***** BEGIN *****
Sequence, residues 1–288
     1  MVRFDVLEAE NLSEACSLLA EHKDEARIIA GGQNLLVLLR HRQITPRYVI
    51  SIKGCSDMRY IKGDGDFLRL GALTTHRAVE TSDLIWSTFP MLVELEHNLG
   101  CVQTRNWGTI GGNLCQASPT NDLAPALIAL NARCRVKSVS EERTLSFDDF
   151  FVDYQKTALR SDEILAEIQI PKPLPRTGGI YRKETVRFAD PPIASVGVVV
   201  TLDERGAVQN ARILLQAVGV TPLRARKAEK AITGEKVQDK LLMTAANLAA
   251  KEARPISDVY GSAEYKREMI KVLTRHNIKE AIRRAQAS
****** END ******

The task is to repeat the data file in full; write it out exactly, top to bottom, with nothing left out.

Sequence, residues 1–288
     1  MVRFDVLEAE NLSEACSLLA EHKDEARIIA GGQNLLVLLR HRQITPRYVI
    51  SIKGCSDMRY IKGDGDFLRL GALTTHRAVE TSDLIWSTFP MLVELEHNLG
   101  CVQTRNWGTI GGNLCQASPT NDLAPALIAL NARCRVKSVS EERTLSFDDF
   151  FVDYQKTALR SDEILAEIQI PKPLPRTGGI YRKETVRFAD PPIASVGVVV
   201  TLDERGAVQN ARILLQAVGV TPLRARKAEK AITGEKVQDK LLMTAANLAA
   251  KEARPISDVY GSAEYKREMI KVLTRHNIKE AIRRAQAS